Our state song has a northern Nevada bias, which is not difficult to understand when it’s considered that most activity in the state took place in the state’s northern region, and the composer/lyricist of the song was from the north.
This did not set well in later postwar years with Las Vegas, hearing the song performed with its obvious northern Nevada references. Somewhere along the line someone wrote a third verse, with an obvious southern Nevada bias. Which is a good thing.
I learned of the third verse about a decade ago, and sent the lyrics to a counterpart of mine, a drive-by columnist in Las Vegas. He ran a story of the song and published the lyrics in his column. And it was offered to Las Vegas radio stations – the plea was, “who wrote this?” No one ever came forward.
It’s well-written. As our state approaches its 151st birthday on Saturday, I publish here the third verse, again, in the hopes that the lyricist who added the verse to Bertha Raffetto’s state song, may come forward or be revealed. In the meantime, I hope all northern Nevadans will refresh their memory of the original verses. Here’s the entire song:
Way out in the land of the setting sun, where the wind blows wild and free,
There’s a lovely spot, just the only one, that means home sweet home to me.
If you follow the old Kit Carson trail, until desert meets the hills,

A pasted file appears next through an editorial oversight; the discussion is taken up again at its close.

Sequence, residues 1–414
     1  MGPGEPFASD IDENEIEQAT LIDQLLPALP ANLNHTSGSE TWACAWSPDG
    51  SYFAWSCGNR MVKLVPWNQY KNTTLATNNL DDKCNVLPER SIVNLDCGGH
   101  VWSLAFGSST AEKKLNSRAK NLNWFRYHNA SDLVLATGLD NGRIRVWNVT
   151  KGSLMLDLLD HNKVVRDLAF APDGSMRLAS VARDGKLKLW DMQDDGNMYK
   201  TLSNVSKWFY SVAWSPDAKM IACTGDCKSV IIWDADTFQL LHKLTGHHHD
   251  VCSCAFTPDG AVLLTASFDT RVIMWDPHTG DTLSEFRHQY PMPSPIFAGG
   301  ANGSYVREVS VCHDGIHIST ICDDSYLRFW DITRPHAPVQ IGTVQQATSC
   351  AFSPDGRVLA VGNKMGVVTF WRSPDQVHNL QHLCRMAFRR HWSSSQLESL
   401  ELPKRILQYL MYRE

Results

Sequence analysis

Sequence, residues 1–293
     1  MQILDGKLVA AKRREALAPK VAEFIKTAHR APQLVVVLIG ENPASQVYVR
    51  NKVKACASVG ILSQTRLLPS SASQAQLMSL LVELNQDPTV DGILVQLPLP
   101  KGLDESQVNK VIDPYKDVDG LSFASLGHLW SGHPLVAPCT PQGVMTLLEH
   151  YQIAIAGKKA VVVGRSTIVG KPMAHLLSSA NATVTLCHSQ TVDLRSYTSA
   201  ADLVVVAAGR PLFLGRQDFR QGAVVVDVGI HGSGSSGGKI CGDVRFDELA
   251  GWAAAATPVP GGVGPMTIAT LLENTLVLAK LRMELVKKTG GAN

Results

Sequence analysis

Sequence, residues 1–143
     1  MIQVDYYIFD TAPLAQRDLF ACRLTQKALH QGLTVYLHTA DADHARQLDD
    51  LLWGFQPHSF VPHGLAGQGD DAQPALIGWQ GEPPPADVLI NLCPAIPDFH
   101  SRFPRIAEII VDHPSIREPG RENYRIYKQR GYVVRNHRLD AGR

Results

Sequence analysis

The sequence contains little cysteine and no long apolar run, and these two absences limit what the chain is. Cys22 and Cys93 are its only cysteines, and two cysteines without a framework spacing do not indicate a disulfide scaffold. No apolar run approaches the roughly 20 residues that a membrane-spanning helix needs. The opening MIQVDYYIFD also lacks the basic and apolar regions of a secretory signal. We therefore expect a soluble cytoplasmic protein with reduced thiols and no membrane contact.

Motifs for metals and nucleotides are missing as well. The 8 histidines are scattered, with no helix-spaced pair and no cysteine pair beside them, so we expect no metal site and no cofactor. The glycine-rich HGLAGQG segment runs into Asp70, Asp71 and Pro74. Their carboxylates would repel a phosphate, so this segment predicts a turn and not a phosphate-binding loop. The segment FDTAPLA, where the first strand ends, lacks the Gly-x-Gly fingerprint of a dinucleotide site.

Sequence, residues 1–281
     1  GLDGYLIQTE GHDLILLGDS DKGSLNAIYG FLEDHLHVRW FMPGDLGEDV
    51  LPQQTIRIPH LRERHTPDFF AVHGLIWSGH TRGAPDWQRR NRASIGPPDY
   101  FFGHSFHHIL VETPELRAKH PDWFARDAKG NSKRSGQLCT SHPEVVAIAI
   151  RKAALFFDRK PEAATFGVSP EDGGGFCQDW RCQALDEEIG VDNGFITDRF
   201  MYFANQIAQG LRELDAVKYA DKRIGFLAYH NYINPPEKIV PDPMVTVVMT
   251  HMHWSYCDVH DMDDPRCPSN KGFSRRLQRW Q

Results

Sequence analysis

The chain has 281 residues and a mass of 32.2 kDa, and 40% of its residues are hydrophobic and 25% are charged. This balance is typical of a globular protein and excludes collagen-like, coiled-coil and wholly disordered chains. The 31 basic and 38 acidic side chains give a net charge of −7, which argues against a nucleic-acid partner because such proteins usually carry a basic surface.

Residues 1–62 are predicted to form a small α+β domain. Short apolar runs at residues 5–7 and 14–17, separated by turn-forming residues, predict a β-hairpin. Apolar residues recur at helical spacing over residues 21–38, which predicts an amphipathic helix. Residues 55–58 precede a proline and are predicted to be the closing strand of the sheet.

Oh you certainly, will agree with me, it’s the place of a thousand thrills.
Whenever the sun at the close of day, colors all the western sky,
Oh my heart returns to the desert grey and the mountains tow’ring high.
Where the moon beams play in shadowed glen with the spotted fawn and doe,
All the live long night until morning light, is the loveliest place I know.
AND HERE, IS THE MYSTERIOUS THIRD VERSE:
You may follow the modern freeway roads or the old Alejo trail.
at the Joshua tree where the sagebrush ends, to where men with a dream prevail;
From the mining sites to the neon lights turning desert night to day,
Where the Bighorn sheep graze the mountain steep, is the place where I long to stay.
Home means Nevada, home means the hills,
Home means the sage and the pine.
Out by the Truckee’s silvery rills, out where the sun always shines,
Here is the land which I love the best, fairer than all I can see.
Deep in the heart of the golden west, Home Means Nevada to me.
Words and Music of the first and second verses
and the chorus by Bertha Raffetto, 1932
The photo is of Nevada’s first governor James W. Nye, seen here boarding the V&T in front of the Great Basin Brewery in Sparks, Nevada, on October 30, 1864 following his speech to the assembled students, parents and teachers of Elizabeth Lenz Elementary School in Reno on the day that Nevada was admitted to the Union, (sort of…)
Home Means Nevada © State of Nevada (donated by Bertha Raffetto); WordPress column © K F Breckenridge/Jas. W. Nye